University of California, Davis
February 1, 2005
A compound that interrupts the chemical chain reaction that causes tobacco smoke to inflame the lungs has been identified in laboratory studies with rats by researchers at the University of California, Davis.
The research team, headed by respiratory biologist Kent Pinkerton and entomologist Bruce Hammock, hopes that the compound will have a similar effect in humans and lead to therapies for treating inflammation in the lungs. Their findings are published online in this week's issue of the Proceedings of the National Academy of Sciences.
Cigarette smoking is associated with a number of diseases, ranging from bronchitis to emphysema, collectively known as chronic obstructive pulmonary disease, or COPD. More than 20 million people in the United States suffer from COPD, which is the fourth leading cause of death in the U.S. Researchers suspect that, in some cases, COPD can be traced back to tobacco smoke setting off the inflammation of the lungs and airways. The inflammation process injures cells and causes an increase in mucous cells and mucus secretion. It also sometimes results in cancerous cell growth. These processes are being studied by the Pinkerton group.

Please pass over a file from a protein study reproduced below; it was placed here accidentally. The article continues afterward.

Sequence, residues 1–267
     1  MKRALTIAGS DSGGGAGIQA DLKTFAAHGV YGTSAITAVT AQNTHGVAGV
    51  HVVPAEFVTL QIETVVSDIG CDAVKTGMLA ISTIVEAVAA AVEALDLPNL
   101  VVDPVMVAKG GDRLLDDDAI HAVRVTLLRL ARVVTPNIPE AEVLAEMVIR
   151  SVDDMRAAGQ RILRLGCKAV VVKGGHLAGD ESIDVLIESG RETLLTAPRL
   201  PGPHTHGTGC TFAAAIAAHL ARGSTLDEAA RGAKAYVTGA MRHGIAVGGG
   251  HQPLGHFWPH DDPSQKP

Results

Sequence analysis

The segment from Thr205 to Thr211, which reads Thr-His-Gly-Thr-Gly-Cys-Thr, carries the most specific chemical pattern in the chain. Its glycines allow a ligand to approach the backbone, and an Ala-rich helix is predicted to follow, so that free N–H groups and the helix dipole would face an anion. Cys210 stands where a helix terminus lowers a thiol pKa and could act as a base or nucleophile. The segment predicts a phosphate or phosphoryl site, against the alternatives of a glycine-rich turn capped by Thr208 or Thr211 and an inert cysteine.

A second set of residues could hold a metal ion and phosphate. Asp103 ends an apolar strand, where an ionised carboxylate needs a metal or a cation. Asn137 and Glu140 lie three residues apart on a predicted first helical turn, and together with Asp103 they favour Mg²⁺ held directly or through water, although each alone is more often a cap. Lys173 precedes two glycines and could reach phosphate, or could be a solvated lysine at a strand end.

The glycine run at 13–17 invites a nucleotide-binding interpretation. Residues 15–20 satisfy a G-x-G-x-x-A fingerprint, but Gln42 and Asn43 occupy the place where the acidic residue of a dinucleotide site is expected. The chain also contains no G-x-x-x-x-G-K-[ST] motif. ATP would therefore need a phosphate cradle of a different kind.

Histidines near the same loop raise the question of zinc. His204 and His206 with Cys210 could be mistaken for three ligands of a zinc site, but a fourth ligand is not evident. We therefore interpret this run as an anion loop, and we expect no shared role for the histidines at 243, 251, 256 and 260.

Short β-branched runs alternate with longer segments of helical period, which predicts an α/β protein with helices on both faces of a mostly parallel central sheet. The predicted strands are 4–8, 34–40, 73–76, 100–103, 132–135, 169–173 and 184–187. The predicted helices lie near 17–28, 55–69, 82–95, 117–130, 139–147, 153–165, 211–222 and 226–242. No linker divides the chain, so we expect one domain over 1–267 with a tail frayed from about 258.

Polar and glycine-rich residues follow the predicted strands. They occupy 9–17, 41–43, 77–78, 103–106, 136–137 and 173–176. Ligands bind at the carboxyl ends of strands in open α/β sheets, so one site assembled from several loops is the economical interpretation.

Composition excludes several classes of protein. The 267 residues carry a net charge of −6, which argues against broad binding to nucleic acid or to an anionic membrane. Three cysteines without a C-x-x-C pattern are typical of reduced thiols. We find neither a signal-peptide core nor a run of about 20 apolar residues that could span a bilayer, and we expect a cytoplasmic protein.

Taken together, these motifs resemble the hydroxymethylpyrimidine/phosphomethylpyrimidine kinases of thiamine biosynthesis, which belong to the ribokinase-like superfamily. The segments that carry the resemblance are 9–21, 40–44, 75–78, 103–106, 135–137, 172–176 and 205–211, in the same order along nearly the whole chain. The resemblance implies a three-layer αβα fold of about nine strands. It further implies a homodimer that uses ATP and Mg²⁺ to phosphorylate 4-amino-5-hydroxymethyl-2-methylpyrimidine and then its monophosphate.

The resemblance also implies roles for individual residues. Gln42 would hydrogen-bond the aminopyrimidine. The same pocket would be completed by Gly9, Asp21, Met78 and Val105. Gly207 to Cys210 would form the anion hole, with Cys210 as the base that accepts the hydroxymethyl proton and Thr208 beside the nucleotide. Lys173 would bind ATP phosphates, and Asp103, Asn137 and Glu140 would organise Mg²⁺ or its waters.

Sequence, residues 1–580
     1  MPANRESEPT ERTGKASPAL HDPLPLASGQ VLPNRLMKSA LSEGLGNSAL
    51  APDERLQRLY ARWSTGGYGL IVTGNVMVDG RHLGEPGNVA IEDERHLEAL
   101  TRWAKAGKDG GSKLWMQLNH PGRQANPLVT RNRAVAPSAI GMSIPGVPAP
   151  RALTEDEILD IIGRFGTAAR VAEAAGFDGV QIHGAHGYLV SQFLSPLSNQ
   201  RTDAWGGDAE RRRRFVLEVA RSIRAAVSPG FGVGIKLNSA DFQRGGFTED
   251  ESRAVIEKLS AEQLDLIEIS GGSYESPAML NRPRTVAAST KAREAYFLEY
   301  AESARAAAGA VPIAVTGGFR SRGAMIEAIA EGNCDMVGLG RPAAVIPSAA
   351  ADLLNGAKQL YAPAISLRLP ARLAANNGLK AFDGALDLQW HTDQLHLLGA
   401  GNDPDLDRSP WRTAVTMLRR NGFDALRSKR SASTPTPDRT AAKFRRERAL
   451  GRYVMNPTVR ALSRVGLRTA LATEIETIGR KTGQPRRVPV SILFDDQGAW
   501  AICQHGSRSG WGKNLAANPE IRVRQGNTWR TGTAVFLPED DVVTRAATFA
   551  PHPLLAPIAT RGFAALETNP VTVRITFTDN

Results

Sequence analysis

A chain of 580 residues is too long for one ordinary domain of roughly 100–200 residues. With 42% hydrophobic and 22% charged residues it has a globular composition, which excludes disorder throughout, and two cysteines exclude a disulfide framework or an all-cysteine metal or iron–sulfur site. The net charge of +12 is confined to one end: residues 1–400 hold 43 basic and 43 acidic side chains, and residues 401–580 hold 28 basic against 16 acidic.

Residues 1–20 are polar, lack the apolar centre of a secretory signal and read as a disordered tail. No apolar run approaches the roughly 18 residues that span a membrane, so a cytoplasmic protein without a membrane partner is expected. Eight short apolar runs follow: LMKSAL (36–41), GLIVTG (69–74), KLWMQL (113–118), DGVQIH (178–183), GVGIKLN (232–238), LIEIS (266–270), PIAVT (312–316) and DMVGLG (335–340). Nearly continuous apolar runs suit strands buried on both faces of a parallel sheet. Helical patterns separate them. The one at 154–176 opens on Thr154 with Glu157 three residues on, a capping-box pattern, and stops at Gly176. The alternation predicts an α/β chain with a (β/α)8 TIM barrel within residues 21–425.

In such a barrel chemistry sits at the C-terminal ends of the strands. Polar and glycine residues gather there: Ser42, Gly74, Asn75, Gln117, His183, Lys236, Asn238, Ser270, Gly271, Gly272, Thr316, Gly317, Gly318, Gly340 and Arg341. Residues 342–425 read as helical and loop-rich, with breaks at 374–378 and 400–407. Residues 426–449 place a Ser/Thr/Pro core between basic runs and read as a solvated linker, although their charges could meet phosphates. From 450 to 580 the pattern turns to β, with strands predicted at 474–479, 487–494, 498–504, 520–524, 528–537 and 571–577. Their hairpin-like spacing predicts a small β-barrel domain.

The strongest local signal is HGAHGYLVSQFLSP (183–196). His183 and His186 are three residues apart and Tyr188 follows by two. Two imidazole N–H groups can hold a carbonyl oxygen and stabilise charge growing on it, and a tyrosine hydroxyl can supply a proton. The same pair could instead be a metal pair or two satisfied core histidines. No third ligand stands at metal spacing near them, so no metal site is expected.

The researchers were interested in a group of enzymes called sEH (soluble epoxide hydrolases), which are concentrated in the smooth muscle of the veins and arteries that carry blood between the heart and lungs. The sEH diminishes the anti-inflammatory activity of compounds called EETs (epoxyeicosatrienoic acids). Hoping to block sEH from interfering with the anti-inflammatory activity of EETs, the researchers injected rats with a compound that inhibits sEH. These rats, which are genetically predisposed to high blood pressure, provide a model for studying the inflammation process.
Each day of the three-day study, the rats were injected with the sEH inhibitor before being exposed to tobacco smoke for six hours. Some of the rats also received tiny implants that carried the anti-inflammatory EETs.
After three days of exposing the rats to tobacco smoke, the researchers found that those rats that had received injections of the sEH inhibitor experienced significantly less inflammation than did those in the control group. In addition, the rats that had been given the EETs implants experienced even less inflammation.
Because the rat form of sEH is 90 percent the same as its counterpart enzyme in humans, the researchers hope that an sEH inhibitor might also decrease smoke-caused inflammation and related disease in human lungs.
This study was supported by grants from the National Institute of Environmental Health Sciences and the University of California Systemwide Biotechnology Research and Education Program.
* Kent Pinkerton, Center for Health and the Environment, (530) 752-8334, firstname.lastname@example.org
* Pat Bailey, UC Davis News Service, (530) 752-9843, email@example.com